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Abu Dhabi, UAEFriday 16 November 2018

British nurse Charlotte Carter was 'on top form' hours before heart attack in Dubai taxi

Charlotte Carter, 30, died after cardiac arrest on girls' holiday in UAE

Charlotte Carter, 30, who passed away following a flight from London to Dubai.
Charlotte Carter, 30, who passed away following a flight from London to Dubai.

A British nurse who died after a heart attack in a Dubai taxi was in “top form” just hours before arriving in the UAE.

Charlotte Carter, 30, was travelling on a seven-hour flight from London with a group of friends for a girls’ holiday when she first began to feel unwell.

Upon landing in the Emirates, the women were on their way to their hotel when her conditioned worsened.

She was rushed to a nearby hospital where, despite repeated attempts to resuscitate her, Ms Carter died.

On Tuesday, friends and family paid tribute to her as they appealed to the public to help raise the necessary funds to fly her home.

Ms Carter did not have travel insurance and medical and repatriation costs could reach as high as £50,000 (Dh240,000).

“Our gorgeous girl Charlotte lost her life far too young,” wrote her former housemate Megan Boyes in a post on Facebook.

“Our main wish is to get her back to her parents where she belongs. She was the most caring and loving girl and our hearts are completely broken.”

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Ms Carter, of Swansea, southern Wales, was due to stay at the luxury Five Palm Jumeirah hotel with two of her friends.

The group are understood to have been drinking champagne before boarding in London as a toast to their holiday together.

Reports said Ms Carter might have died of a blood clot. Deep vein thrombosis, which can develop from sitting still for a long time such as when driving or flying, occurs when blood clots form in veins and then break away to lodge in the lungs leading to chest pain and shortness of breath.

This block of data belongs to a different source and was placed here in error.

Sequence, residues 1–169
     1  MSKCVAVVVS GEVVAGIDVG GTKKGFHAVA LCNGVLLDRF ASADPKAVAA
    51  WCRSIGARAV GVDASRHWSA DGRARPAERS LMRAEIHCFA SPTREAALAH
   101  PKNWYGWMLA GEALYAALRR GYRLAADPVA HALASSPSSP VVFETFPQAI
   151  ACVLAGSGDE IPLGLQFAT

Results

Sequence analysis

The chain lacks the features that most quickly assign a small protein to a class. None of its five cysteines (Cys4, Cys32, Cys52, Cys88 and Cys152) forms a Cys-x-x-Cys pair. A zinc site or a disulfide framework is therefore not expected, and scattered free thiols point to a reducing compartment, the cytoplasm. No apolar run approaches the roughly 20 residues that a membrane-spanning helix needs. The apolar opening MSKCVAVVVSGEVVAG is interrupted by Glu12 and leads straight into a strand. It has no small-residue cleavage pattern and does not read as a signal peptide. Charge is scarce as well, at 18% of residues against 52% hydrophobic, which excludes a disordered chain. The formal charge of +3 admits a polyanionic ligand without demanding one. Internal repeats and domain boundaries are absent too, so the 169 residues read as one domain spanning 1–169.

"Charlotte was on the flight messaging me, saying she can't wait to see me and planning our week,” said Kate George, who was due to meet Ms Carter in Dubai.

"She was absolutely fine, even on top form, and this happens completely out of the blue.

“A tragedy doesn't even describe what's happened to our beautiful, witty, charming girl."

Jemma Ribeiro, a childhood friend of Ms Carter’s who studied nursing with her, said she was struggling to find words to express her sorrow.

She recalled asking Ms Carter to be godmother to her son and having her as a bridesmaid at her wedding.

In a Facebook post she wrote: “You were such a huge part of my life and we are left with such a void.

“Absolutely heartbroken and really struggling to accept you are gone. Heaven really has gained an angel. You have been taken way to soon.”

Ms Carter worked as a psychiatric nurse in London and was passionate about helping people with mental health issues.

By Tuesday afternoon, an online fundraiser for her repatriation had reached more than £21,000. Friends said any funds left over would be donated to a mental health charity.

Ann Sheridan, from the UK National Health Service’s Central and North West London Foundation Trust, described Ms Carter as a "dear colleague".

"Charlotte did not have travel insurance which means that the medical and repatriation bills will be very high, estimated in the region of £40,000, increasing with each day that passes," she said.

A spokesman for the UK Foreign and Commonwealth Office confirmed it was "supporting the family of a British woman following her death in the UAE".